The coffee is cultivated within well managed family owned farms. These farmers take great pride in their meticulous attention to detail, from year round farm management to quality control in the processing of the crop. The end result is a consistently superb product. This year’s crop can handle a bit of heat, giving the coffee an oily appearance.
This coffee is sourced from family owned farms organized around the Asociación de Productores Cafetaleros Selva Central (APROSELVA), which was established in 2012 to support coffee producers in central highlands of the Junín Region, Peru. APROSELVA provides training and financing aimed at improving coffee quality and yields to increase farmer earnings. On average, each producer cultivates 10 hectares of land with a diversity of crops including coffee and citrus fruit. The coffee producing community has maintained a rich indigenous culture and many people continue to speak native languages like Quechua.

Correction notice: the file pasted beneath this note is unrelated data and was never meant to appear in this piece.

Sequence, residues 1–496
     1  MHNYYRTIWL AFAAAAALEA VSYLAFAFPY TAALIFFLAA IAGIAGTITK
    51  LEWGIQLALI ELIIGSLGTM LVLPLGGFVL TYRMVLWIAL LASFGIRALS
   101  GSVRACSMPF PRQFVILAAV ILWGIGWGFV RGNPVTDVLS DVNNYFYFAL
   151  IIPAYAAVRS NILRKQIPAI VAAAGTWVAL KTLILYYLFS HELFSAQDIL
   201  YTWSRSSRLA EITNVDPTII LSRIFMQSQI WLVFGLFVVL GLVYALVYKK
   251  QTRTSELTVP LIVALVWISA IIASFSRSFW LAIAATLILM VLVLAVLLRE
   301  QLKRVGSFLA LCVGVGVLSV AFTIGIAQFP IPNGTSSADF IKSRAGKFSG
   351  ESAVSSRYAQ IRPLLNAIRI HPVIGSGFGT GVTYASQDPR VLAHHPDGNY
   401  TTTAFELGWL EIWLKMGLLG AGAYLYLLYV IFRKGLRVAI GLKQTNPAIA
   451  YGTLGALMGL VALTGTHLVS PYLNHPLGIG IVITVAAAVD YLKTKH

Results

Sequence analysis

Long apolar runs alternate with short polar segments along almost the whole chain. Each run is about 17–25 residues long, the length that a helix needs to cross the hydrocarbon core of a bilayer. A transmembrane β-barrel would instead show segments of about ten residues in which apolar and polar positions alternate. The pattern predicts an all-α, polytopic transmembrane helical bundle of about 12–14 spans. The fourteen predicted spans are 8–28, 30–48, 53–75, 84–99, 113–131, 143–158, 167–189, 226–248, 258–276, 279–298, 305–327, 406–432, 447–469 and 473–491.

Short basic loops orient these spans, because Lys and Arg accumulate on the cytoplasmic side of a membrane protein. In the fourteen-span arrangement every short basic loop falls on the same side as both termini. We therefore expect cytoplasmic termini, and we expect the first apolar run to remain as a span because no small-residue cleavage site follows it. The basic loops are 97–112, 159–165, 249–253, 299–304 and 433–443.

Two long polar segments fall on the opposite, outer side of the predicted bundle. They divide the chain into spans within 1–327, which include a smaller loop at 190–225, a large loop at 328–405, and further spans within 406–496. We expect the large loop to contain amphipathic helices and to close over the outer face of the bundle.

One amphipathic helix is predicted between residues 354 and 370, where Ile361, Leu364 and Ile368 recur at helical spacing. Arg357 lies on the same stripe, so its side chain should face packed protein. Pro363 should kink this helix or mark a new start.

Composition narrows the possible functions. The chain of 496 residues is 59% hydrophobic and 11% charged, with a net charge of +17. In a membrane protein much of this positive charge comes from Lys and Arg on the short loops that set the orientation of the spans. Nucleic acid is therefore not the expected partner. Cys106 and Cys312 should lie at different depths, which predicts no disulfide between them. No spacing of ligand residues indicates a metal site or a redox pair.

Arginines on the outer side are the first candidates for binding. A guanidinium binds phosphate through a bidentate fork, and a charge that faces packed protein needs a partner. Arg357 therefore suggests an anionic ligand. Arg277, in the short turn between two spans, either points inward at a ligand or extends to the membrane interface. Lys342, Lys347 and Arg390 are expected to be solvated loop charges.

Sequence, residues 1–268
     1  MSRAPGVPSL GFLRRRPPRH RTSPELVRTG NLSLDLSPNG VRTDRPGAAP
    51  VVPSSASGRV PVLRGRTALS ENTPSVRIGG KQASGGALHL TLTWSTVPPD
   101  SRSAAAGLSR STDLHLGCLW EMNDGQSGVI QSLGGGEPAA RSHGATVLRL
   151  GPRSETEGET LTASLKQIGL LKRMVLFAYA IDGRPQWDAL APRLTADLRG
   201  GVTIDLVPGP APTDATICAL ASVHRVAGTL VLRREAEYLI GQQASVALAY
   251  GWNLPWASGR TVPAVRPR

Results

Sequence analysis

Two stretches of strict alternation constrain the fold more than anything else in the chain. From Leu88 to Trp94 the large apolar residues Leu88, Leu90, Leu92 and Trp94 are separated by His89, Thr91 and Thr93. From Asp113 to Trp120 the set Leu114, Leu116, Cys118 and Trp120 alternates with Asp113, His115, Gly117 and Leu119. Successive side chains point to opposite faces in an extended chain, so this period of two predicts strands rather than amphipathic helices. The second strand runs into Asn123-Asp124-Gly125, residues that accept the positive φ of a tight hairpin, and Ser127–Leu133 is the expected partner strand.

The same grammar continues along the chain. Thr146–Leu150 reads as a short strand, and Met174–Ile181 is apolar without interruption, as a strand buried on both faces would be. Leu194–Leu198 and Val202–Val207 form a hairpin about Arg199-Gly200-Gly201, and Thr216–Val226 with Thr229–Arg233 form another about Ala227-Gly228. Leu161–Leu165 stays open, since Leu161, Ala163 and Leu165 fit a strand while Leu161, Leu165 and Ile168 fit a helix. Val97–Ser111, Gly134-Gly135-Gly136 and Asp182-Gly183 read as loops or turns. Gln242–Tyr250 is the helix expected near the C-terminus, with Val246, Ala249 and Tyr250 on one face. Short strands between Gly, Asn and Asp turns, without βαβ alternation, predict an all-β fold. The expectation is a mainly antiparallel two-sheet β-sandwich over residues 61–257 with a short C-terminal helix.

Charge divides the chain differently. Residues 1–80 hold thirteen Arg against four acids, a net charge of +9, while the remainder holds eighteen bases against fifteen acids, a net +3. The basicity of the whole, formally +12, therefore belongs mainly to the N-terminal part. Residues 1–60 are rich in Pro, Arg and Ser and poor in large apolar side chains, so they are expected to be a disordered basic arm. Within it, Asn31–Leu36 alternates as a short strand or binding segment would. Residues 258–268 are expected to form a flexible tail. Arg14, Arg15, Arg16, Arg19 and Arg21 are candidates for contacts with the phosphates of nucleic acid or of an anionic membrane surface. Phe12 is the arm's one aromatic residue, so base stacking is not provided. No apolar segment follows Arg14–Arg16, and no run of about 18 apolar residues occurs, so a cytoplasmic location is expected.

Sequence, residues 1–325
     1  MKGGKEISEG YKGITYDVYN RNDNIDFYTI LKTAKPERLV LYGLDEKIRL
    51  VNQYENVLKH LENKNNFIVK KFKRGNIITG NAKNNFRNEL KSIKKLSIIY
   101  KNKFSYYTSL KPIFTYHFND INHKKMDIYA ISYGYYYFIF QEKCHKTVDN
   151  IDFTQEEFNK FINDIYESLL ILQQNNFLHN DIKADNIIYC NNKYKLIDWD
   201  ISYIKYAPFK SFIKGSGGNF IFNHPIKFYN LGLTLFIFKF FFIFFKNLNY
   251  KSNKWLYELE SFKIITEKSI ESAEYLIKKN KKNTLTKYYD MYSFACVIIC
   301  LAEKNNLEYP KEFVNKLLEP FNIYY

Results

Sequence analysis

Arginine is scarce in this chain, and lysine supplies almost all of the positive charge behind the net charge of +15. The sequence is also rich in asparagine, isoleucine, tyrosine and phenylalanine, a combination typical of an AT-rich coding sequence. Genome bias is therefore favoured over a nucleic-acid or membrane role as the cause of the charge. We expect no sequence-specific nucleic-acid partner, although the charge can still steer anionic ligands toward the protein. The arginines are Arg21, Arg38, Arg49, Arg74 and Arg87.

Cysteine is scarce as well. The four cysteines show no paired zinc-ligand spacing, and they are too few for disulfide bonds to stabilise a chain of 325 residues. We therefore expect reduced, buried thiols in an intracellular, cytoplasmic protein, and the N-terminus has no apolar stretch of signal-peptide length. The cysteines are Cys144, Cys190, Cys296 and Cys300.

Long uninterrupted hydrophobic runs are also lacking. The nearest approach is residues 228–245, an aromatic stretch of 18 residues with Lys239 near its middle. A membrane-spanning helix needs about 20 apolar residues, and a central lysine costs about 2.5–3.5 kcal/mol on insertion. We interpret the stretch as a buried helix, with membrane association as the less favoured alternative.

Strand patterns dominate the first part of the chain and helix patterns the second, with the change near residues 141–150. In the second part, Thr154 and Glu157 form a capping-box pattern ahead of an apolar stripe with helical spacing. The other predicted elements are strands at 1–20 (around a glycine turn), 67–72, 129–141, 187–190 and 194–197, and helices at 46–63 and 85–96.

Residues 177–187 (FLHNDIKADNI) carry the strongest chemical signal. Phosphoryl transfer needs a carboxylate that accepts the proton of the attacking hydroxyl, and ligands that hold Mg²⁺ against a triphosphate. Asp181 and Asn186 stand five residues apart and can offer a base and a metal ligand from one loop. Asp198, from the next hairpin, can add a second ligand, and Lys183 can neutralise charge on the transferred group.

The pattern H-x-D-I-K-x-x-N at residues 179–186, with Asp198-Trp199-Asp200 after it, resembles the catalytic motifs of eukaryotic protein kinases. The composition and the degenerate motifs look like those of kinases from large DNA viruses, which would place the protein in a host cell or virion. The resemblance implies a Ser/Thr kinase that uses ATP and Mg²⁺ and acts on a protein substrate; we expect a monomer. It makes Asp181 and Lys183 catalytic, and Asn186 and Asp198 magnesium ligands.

Coffee came to Peru in the mid 1700s and was most likely introduced by Dutch immigrants. The Dutch brought the Typica variety which still dominates especially amongst the older farms and micro-farms. The first coffee plantings were in Chinchao, Huanuco in Selva Central and disseminated from there to the Northern (Cajamarca) and Southern (Cusco and Puno) regions of the country. Peru had its first coffee shop in 1771 in Lima and started exporting coffee in 1887.